If you possess older, out of print role-playing games, never get rid of them, ever. If you have a chance to pick up older, out of print role-playing games at a bargain, do so immediately.
One thing that's really astonished me about RPGs are that they age the most gracefully out of nearly any form of entertainment I've ever seen. The crustiest, crudest print of an old Dungeons & Dragons book still fetches a handsome price on the market. More to my point, though, are that those books are still very playable, and oftentimes just as fun as they were when they were first purchased.
D&D is a good example of what I'm talking about. Being one of the oldest RPGs out there, there is a lot of older material for the game. One would think that stuff would be old news, obsolete, and no one would be into it. One would be very, very wrong. There is literally an entire sub-community within the greater RPG community completely devoted not only to old D&D stuff, but to the printing and playing of brand-new material purposely designed to look like the old stuff!
There are a few reasons for this particular trait amongst RPGs. One is, of course, the nostalgia factor. Just like action figures and 80's cartoons, there are quite a few collectors of older games out there who just like to hang onto these artifacts of their own adolescence. Another, more practical reason is that many RPGs didn't have the financial support to stay in print. There was nothing wrong with the game; there just wasn't enough money to keep it alive. There are some true gems out there that would be huge in today's community if they were still easily accessible, games like Alternity and Everway and the old Dragonlance RPG powered by the card-based SAGA system. I owned all three of those games, and I now kick myself daily for ever getting rid of them.
Even older editions of still-existing games still carry a lot of value. Take the World of Darkness, for example. When that universe famously rebooted itself, it of course left behind a lot of die-hard fans of the original settings. For them, the old books are all they need, and that system hasn't actually changed all that much since it first appeared, over 20 years ago. To my knowledge, I can think of very few newer editions that rendered older editions completely obsolete. GURPS comes to mind, but that only applies to its core books: there are older edition sourcebooks that have yet (if they'll ever) see a current edition reprint.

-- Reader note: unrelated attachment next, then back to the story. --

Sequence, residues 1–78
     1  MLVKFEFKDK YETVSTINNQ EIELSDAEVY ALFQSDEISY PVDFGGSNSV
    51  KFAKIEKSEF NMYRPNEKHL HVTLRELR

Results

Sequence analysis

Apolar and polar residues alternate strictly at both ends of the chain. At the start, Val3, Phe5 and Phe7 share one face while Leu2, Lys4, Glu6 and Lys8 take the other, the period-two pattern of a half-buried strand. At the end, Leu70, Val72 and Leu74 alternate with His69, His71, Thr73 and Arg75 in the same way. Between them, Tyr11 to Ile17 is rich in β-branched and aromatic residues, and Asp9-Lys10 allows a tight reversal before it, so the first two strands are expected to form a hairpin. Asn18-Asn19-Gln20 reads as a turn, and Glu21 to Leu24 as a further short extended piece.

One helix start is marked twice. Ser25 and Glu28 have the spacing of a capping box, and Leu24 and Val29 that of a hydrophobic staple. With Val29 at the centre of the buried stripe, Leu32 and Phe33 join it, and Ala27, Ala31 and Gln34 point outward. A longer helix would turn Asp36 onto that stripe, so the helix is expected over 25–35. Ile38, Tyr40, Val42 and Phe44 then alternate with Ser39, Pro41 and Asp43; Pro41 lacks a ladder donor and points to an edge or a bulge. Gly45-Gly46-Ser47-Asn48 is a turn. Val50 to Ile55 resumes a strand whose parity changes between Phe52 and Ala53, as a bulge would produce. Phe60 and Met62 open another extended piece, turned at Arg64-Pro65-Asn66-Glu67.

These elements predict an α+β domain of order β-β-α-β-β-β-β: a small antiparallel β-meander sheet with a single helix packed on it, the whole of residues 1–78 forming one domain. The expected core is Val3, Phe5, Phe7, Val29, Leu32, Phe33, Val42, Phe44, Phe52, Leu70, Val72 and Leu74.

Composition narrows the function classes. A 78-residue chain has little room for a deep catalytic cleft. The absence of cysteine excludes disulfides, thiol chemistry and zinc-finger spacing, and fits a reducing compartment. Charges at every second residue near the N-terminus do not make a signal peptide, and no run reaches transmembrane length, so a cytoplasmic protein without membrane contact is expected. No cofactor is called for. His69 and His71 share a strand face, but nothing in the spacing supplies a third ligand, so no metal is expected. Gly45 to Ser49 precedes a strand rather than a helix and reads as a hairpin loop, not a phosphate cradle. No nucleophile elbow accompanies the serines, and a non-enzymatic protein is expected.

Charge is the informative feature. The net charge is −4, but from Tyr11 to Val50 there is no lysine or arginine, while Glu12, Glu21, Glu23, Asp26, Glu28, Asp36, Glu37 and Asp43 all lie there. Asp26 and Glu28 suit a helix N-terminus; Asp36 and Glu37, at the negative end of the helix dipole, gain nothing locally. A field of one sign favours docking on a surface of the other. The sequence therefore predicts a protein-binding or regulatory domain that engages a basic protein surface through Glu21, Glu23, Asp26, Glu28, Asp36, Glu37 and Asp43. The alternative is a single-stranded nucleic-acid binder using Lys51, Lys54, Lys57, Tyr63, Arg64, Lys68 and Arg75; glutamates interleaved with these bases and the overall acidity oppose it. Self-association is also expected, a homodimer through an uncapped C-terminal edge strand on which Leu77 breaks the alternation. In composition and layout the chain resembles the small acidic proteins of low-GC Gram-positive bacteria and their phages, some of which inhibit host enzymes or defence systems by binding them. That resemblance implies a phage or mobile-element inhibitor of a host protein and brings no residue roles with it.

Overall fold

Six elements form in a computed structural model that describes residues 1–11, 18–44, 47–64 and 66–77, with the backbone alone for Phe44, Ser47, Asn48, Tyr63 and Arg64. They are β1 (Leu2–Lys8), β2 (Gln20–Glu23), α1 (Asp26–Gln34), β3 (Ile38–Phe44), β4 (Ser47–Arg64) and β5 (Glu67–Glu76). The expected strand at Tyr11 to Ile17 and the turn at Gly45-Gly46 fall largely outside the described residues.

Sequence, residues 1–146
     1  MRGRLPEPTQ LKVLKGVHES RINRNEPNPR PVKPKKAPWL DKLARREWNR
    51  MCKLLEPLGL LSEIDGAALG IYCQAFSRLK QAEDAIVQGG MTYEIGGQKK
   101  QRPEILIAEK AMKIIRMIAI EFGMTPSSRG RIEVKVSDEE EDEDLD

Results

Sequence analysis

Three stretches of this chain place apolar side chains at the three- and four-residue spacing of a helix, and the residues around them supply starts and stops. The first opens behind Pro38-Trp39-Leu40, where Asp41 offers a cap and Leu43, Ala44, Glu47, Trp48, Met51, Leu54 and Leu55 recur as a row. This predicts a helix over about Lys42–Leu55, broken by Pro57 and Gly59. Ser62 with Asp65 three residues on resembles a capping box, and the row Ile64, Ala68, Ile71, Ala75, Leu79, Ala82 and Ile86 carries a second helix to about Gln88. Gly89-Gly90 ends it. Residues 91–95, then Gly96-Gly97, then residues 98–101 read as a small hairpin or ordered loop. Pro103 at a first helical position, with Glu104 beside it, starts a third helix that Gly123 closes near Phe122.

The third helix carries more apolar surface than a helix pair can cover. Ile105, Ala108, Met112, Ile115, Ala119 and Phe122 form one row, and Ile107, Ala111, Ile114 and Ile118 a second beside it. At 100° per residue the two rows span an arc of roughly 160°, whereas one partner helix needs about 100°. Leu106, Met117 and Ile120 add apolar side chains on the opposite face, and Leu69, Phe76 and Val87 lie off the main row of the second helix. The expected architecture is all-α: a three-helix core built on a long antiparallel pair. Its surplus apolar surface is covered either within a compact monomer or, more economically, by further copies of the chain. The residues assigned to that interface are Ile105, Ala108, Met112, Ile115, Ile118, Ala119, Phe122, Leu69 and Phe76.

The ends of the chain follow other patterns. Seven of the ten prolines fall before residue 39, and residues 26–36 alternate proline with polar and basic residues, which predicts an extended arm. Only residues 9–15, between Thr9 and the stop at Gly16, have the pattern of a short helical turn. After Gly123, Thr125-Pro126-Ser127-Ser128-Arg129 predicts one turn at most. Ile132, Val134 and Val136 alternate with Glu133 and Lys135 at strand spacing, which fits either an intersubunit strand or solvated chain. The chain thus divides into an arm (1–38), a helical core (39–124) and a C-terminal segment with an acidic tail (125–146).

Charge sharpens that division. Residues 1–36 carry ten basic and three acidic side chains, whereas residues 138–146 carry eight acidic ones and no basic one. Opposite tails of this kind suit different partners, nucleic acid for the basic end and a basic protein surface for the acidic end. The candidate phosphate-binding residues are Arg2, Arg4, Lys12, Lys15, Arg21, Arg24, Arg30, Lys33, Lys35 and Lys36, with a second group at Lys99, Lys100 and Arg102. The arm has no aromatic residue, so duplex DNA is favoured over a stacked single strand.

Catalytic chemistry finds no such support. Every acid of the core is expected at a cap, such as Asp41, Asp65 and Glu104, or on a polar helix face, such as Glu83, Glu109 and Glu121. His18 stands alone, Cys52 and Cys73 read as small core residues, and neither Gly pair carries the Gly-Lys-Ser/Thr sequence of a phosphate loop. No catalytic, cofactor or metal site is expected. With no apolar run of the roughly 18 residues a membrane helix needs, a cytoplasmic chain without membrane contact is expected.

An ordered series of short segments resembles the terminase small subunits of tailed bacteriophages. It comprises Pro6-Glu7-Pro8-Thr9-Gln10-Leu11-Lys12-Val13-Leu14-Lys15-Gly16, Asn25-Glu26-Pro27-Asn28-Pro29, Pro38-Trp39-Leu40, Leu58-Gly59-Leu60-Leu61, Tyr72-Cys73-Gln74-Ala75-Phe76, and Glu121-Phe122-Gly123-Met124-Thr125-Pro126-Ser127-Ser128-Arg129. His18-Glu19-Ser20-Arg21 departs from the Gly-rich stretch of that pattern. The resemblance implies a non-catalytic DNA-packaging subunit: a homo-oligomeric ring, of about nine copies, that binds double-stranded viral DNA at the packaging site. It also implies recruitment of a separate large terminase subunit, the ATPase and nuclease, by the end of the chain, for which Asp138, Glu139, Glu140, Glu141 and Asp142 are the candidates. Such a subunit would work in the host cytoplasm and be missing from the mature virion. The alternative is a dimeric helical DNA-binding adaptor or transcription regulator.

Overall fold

So, because people like lists and it pads my own word count, here is a top five list of completely out-of-print RPGs I would totally pull the trigger on if I had the chance to today:
1. Aberrant. The World of Darkness spin on superheroes, this was one of my all-time favorite superhero settings. It is currently available in pdf form, but I'm afraid the scan would be sub-par quality. A print book would have to do it (and, as memory serves, the printed book had the dimensions, shape, and feel of a graphic novel, which made it all the more awesome).
2. Wraith: The Oblivion. Another World of Darkness game, Wraith never got the "New World of Darkness" treatment, instead kindof evolving/devolving into Geist. What made Wraith incredible was its world, a ghostly spirit world where weapons and buildings were literally made out of the souls of other people. It was a game of horror and redemption, and young, teenager Ed loved every page of it. It's getting the "20 year anniversary" treatment from White Wolf publishing in the coming months. It'll probably be the one re-issue I will actually buy.
3. Earthdawn. What I liked about it was that it was the first RPG (if not THE first, the first I ever saw) who's fantasy world was built for role-playing, rather than for literature. There was a reason dungeons existed. There was a reason why your character was more important and powerful than normal people. Levels weren't just abstract number comparisons; they actually had a magical equivalent in the game world. It was really awesome. When it was announced that a new edition was being funded via Kickstarter, it quickly became the first game I ever backed.
4. Alternity. Basically D&D in space, Alternity consisted of three gorgeous hardcover books. With universal mechanics and a framework that could allow for any sci-fi campaign setting, it was to be my go-to game whenever laser pistols or aliens were involved. Sadly, it came out at a time when I wasn't playing many RPGs, and I never got a chance to play it before I sold it all on eBay.
5. The SAGA System. There were two SAGA system games: a Dragonlance game, and a Marvel superheroes game. I owned but never played both. They were both card-based; you had a hand of cards that worked as your dice rolls and your health. Since you had to play cards to succeed at tasks, many games took on a more tactical feel; do you burn your highest cards to assure success? Or do you save them for when you really need them? Between the two, Dragonlance was the cooler one, as it was more widely supported, but the Marvel game was really impressive, too.